Title: Displacement and Strain Field Photogrammetric Measurements of a Reinforced Concrete Slab Submitted to an Earthquakes Loading
Citation: Proceedings of the 3rd Workshop on Optical Measurement Techniques for Structures and Systems (OPTIMESS) p. 1-8
Publisher: OPTIMESS Scientific Research Network supported by the Fund for Scientific Research, Flanders
Publication Year: 2007
JRC N°: JRC35538
URI: http://www.optimess.org/app/webroot/files/Optimess2007%20scientific%20program.pdf
Type: Contributions to Conferences
Abstract: These measurements are part of an action aiming to develop and generalise the use of photogrammetry in the European Laboratory for Structural Assessment. ELSA belongs to the Joint Research Centre, a DG of the European Commission. Its experimental facility allows to test full-size buildings with respect to static and cyclic loading, and to simulate earthquake loading through the use of the so-called pseudo-dynamic method â?“ which magnifies the time scale. Structures are usually driven to ruin through series of tests, which implies that fractures opening and closing, and even material removal occur during each cycle of the experiment. The characteristic scales of the tested structures span 2 to 20 meter, and they are made of a wide range of construction materials such as brick masonry, reinforced concrete, steel or composite. The large variety of experimental conditions at ELSA provides a rich field of application for photogrammetric techniques. In the present experiment, the camera was obliquely aiming at the ceiling of the first floor of a building, near the connexion to a pillar, while the structure was under earthquakes loading. In the field of view, a pixel would be of the order of 1 mm. A network of 147 circular targets was disposed on a rectangular mesh (of step 10 cm) on the ceiling, and a series of 1250 photos were sampled at regular time steps in synchronisation with the various sensors and the control loop of the loading. The camera has a resolution of 1536x1024 pixel, with 12 bit sampling and Peltier cooling. This cooling stage provoked the formation of a condensation pattern on the sensor, a parasitic effect that could be fortunately removed through the use of a condensation mask computed by ad-hoc technique applied to the set of images. The camera was calibrated using the method of Bouguet. In first approximation, the ceiling was considered to move quasi-parallel to itself. The targets were monitored along time by various techniques, like fitting of an ellipse to their border, or optimising on the current photo the projection of the perimeter of the target, with respect to translation. The Heidenhain reference sensor of the control loop was placed on the external border of the slab, I meter far from the nearest target. However, the longitudinal displacement are in a very good agreement, showing a difference of 1 mm at maximum, while the amplitude of the movement was 50 mm. On both extremities of the signal, when the building is at rest, a noise of 0.04 mm amplitude could be observed on the difference between Heidenhain and optical method. At the end of the experiment, the difference between the most distant targets (along loading) shows an elongation of approximately 2 mm, corresponding to the remnant opening of the fractures. The quality of the measured displacement field, coupled with the fracture segmentation via morphological image analysis, permitted to compute longitudinal and lateral strain maps as a function of time, with the fracture pattern. A film will be shown, illustrating this quantitative analysis.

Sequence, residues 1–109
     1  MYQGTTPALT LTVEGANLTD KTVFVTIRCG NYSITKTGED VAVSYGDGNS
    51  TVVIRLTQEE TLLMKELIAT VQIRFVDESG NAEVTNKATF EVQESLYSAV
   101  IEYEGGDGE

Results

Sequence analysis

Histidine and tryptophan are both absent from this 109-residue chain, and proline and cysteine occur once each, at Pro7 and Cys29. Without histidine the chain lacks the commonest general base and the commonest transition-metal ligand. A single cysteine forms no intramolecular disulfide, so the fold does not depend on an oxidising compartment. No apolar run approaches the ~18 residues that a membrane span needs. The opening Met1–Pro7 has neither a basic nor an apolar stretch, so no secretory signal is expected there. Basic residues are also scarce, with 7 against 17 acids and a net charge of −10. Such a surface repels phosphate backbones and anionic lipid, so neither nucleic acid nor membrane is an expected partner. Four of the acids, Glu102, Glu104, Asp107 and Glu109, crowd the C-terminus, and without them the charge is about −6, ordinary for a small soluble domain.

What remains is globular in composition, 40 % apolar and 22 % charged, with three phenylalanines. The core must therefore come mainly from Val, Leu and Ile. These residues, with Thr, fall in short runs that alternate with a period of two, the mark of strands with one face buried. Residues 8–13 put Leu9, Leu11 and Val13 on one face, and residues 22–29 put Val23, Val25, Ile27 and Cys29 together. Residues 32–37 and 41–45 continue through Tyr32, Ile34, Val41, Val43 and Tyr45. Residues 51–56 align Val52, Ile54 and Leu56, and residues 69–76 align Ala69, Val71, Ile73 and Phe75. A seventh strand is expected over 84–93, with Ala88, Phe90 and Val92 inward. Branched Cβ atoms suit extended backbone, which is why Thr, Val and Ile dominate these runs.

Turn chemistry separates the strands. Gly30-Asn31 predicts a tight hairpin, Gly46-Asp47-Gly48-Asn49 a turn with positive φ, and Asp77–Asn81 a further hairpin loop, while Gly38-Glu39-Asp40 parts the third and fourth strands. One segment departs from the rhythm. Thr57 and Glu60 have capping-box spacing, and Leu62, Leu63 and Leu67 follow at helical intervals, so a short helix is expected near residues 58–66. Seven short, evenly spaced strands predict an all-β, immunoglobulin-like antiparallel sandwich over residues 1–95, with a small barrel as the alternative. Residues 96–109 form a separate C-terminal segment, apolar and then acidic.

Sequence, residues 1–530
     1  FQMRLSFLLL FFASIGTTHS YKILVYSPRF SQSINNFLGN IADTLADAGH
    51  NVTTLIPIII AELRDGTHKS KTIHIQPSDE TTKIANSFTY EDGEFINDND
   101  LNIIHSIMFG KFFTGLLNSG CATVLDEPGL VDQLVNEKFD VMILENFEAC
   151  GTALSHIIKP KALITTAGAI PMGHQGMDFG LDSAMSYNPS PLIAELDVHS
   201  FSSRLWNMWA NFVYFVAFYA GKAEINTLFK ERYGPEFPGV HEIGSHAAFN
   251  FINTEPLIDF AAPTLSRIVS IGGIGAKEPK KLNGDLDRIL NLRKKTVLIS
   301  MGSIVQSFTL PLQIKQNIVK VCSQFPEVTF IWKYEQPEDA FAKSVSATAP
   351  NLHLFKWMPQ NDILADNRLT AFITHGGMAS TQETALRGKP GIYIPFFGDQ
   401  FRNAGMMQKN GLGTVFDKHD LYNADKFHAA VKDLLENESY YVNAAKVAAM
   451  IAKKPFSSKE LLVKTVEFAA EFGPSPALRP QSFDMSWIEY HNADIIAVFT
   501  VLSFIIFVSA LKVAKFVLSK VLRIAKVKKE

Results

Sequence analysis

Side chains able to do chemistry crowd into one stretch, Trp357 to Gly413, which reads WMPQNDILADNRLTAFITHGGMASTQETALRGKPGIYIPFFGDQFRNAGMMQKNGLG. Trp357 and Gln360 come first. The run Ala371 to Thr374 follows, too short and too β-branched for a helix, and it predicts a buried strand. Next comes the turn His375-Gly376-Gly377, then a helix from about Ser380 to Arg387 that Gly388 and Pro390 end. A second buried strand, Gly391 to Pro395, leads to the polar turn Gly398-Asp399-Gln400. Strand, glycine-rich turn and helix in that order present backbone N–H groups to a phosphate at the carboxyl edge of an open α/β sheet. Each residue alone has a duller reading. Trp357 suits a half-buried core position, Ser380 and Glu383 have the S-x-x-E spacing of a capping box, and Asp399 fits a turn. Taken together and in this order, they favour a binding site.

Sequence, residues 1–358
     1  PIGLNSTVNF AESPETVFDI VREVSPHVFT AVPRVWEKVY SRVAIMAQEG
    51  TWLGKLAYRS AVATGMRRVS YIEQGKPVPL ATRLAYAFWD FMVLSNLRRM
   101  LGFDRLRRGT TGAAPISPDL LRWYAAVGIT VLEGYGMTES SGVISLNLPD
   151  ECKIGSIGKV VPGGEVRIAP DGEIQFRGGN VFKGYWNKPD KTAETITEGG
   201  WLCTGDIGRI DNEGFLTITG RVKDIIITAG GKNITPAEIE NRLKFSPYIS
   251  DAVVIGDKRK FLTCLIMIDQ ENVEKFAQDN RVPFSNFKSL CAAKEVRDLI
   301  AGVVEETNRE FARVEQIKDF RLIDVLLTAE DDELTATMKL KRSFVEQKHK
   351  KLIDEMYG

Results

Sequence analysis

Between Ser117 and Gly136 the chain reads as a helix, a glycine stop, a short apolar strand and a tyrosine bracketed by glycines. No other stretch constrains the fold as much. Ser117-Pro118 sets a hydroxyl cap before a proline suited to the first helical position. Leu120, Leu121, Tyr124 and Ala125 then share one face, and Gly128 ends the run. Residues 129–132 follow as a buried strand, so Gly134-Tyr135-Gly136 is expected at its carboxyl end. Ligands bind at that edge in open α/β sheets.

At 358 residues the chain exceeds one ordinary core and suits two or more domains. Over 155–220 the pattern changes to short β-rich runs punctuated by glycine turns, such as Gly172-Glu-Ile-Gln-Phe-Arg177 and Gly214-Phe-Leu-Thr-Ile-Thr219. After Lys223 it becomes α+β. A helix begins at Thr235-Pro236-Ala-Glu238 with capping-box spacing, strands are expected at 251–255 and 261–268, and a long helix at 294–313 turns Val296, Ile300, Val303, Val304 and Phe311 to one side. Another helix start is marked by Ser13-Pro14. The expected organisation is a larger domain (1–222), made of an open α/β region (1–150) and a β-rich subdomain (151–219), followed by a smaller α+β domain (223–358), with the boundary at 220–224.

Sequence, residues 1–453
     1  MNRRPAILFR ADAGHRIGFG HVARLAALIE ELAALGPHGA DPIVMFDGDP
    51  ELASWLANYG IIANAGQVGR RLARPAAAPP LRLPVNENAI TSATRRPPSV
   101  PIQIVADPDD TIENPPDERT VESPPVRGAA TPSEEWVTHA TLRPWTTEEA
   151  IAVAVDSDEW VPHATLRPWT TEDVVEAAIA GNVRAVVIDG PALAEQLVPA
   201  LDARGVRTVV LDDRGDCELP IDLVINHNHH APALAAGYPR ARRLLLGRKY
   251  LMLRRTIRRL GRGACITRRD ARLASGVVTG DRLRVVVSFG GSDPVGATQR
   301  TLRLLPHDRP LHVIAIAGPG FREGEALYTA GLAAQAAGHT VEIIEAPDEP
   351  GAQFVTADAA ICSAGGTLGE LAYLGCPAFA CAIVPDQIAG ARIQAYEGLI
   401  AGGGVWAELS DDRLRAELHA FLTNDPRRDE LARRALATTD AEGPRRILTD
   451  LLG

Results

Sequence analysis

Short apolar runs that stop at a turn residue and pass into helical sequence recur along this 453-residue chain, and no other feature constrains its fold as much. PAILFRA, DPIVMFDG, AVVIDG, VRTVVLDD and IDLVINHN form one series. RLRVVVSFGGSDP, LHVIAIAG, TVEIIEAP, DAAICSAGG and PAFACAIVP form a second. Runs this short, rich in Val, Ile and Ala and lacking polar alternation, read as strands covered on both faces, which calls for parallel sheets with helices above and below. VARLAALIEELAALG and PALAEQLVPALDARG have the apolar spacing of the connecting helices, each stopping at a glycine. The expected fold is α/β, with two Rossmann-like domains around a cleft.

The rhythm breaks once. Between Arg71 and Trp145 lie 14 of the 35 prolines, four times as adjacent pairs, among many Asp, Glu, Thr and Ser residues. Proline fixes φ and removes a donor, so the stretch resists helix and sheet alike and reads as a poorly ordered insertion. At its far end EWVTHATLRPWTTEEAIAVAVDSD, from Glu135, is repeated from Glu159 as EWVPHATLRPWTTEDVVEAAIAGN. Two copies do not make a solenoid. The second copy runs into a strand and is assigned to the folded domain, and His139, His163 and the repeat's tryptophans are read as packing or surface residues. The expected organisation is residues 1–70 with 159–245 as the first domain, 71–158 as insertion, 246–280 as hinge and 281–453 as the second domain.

JRC Institute:Institute for the Protection and Security of the Citizen

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